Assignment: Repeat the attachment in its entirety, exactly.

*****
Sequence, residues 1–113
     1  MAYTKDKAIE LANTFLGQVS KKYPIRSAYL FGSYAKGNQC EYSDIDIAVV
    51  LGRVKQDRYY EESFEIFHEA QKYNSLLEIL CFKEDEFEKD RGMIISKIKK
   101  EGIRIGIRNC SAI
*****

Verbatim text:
Sequence, residues 1–113
     1  MAYTKDKAIE LANTFLGQVS KKYPIRSAYL FGSYAKGNQC EYSDIDIAVV
    51  LGRVKQDRYY EESFEIFHEA QKYNSLLEIL CFKEDEFEKD RGMIISKIKK
   101  EGIRIGIRNC SAI